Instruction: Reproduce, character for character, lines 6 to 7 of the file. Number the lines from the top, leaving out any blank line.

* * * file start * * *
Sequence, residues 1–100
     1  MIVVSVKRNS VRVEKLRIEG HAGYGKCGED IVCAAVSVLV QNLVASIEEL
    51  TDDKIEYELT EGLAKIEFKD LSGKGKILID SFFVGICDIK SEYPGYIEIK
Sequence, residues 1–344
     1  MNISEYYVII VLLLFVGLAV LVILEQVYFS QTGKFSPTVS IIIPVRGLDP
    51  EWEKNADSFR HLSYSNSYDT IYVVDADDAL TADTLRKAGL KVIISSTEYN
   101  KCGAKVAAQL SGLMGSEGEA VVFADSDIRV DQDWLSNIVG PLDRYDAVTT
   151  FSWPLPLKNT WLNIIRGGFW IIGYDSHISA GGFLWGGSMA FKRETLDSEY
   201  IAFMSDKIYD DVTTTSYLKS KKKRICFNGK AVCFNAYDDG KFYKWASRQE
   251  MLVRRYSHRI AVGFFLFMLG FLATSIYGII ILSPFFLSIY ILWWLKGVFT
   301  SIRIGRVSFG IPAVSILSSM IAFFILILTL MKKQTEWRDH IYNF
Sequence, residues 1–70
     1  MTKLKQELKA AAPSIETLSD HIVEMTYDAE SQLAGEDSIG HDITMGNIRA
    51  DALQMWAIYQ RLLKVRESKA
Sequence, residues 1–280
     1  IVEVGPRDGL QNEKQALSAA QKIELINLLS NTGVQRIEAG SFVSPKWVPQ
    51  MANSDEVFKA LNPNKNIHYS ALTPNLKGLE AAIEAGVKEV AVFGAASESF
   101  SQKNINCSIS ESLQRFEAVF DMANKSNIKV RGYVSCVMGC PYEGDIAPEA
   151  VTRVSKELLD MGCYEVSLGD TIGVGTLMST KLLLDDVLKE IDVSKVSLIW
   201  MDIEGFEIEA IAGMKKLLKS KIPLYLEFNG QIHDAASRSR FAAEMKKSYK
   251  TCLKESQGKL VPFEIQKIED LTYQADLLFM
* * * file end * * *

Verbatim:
    51  EWEKNADSFR HLSYSNSYDT IYVVDADDAL TADTLRKAGL KVIISSTEYN
   101  KCGAKVAAQL SGLMGSEGEA VVFADSDIRV DQDWLSNIVG PLDRYDAVTT